A recent study from a team of researchers at the Virginia Bioinformatics Institute and Virginia Tech suggests that pathway informatics tools have a long way to go before they meet the research needs of end users.
Pathway informatics is a "very hot area" of development in bioinformatics, but the tools available to most biologists are "not all the way there yet," Karen Duca, a VBI professor and co-author on the paper, told BioInform.
Duca and her colleagues Purvi Suraiya and Chris North, a human-computer interaction expert at Virginia Tech conducted the study as a follow-on to a paper they published last year that assessed the usability of several microarray analysis packages. [BioInform 01-17-05].
"It's a big step away from using a heat map to being able to map the data onto these diagrams they're too static, and they're incomplete, and we're looking at ways to make them more dynamic."
Many researchers now want to visualize their microarray data within the context of sub-cellular pathways, so Duca and her team began exploring pathway visualization packages. "What people really want is to get their high-throughput data in some kind of a mechanistic framework so they can really see how whole activities and events are regulated," she said. "What people want is an overview of what pathways are changing."
However, Duca said, visualizing expression data within a pathway-based framework presents a steep learning curve for many users, who question the biological value of current tools. "It's a big step away from using a heat map to being able to map the data onto these diagrams they're too static, and they're incomplete, and we're looking at ways to make them more dynamic," she said.
In the study, "Visualizing biological pathways: requirements analysis, systems evaluation and research agenda," published in the Autumn 2005 issue of Information Visualization, Duca and her colleagues conducted a series of interviews, focus groups, and questionnaires to determine a list of 13 key requirements for pathway analysis tools that they grouped into three main categories: pathway assembly, information overlay, and pathway analysis.
Then, six scientists evaluated a handful of specific tools GenMAPP, Cytoscape, GScope, Pathway Assist, Patika, and BioCarta to determine how well they met those requirements. The authors acknowledged that the systems chosen for evaluation represent only a fraction of available pathway-analysis tools, and noted that the six tools were chosen "based on availability, popularity in the bioinformatics community, and visualization and data-analysis capabilities."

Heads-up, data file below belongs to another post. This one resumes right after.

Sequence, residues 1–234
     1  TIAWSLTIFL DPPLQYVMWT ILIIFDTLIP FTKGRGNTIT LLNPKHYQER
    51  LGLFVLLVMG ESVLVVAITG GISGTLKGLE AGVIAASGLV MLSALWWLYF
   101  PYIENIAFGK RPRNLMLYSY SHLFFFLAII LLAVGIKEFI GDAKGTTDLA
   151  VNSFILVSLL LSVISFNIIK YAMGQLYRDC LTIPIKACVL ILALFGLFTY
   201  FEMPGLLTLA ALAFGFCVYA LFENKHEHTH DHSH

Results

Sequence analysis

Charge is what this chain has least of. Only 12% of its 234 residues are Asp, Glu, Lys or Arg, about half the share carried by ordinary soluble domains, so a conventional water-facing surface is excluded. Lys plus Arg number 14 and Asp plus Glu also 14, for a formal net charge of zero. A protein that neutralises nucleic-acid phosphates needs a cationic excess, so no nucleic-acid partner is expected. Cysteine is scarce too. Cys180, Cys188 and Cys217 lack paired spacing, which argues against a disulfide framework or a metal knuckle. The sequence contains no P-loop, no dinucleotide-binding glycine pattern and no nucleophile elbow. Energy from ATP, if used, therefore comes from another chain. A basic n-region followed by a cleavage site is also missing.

The most "serious shortcoming" of the tools that were evaluated "is that they do not provide adequate domain-specific biological context, and users must perform many tedious tasks to search for and extract relevant information," the authors wrote. "Unless the tools provide users with rapid biologically relevant insight that relates the data to the underlying biological meanings (e.g., to phenotype), most life scientists will be reluctant to use them." (See below for a list of the top five "unmet" requirements).
The paper highlighted a gap between the "cartoon" representations of canonical pathways that many biologists are comfortable with and the "ball-and-stick" visualizations derived from graph theory that are common in most pathway analysis packages. For this reason, the authors note, "although we had not originally planned to include it," several users requested that BioCarta a simple repository of pathway diagrams rather than an analytical tool be evaluated along with the other pathway visualization programs. The BioCarta diagrams "were considered most biologically meaningful, and were preferred by life scientists over ball-and-stick graphs," the authors wrote.
"The symbols, shapes, and organization of the [BioCarta] diagrams are familiar, and similar to those found in textbooks. … [Users] felt that none of the other pathway analysis tools provided as much information in such a helpful and biologically meaningful visual format," they wrote, concluding that although BioCarta "does not provide features like the other tools to automate pathway analysis or overlay gene-expression data," it can still serve as a "reference library" for users to construct pathways.
On the other side of the spectrum, some users described the network maps created by the open source Cytoscape program as "computer scientists' conceptions of pathways" and noted that "it would be very difficult to understand maps created by someone else in Cytoscape."
Are Commercial Tools Better?
The study, while limited in scope, did indicate that commercial pathway tools may meet user needs better than publicly available tools. According to the paper, the only commercially available tool that was evaluated Ariadne Genomics' PathwayAssist fared much better among users than its freely available counterparts.